Tropical forest recovery: Legacies of human impact and natural disturbances
Land-use history interacts with natural forces to influence the severity of disturbance events and the rate and nature of recovery processes in tropical forests. This perspective article highlights several trends in tropical forest recovery processes emerging from recent literature.
Research goals & methods
Recovery of forest structure and composition is relatively rapid following disturbances that primarily impact forest canopies, such as hurricanes. Recovery is considerably slower following disturbances that heavily impact soils as well as aboveground vegetation, such as bull-dozing, heavy or long-term grazing, and severe fires, often with long-lasting effects on species composition. The landscape matrix plays a critical role in local recovery processes. Proximity of disturbed areas to remnant forest patches promotes more rapid recovery, which depends heavily on seed dispersal. Recovery of aboveground biomass is constrained by soil fertility and texture across regions as well as across soil types within a region.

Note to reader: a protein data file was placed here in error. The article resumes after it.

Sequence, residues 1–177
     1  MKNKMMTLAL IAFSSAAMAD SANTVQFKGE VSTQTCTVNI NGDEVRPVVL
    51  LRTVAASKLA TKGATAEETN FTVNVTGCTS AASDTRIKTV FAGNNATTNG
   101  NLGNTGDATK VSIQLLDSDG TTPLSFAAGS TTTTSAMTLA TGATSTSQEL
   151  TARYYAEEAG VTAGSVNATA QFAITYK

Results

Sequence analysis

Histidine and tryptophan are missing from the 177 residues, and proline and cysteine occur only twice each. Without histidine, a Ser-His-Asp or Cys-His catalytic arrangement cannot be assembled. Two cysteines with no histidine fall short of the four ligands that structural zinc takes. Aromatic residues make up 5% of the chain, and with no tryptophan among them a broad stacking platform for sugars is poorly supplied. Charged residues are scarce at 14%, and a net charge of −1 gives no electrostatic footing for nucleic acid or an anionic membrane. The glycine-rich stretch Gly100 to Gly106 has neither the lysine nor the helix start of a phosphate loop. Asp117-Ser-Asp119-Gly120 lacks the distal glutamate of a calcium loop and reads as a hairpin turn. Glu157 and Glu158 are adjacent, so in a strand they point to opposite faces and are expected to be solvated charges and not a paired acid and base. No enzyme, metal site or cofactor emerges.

Conclusions & takeaways
Despite evidence of rapid forest recovery following large-scale deforestation, many degraded areas of today’s tropics will require human assistance to recover forest structure, species composition, and species interactions typical of mature tropical forests. Restoration of soil fertility, in particular, may be a prerequisite for forest recovery on sites with severely degraded soils and presents a particular challenge for management.
Tropical forest recovery: legacies of human impact and natural disturbances. Perspectives in Plant Ecology, Evolution and Systematics. 2003;6:51–71. doi:10.1078/1433-8319-00042..
- Dept. of Ecology & Evolutionary Biology, University of Connecticut, Storrs, CT, United States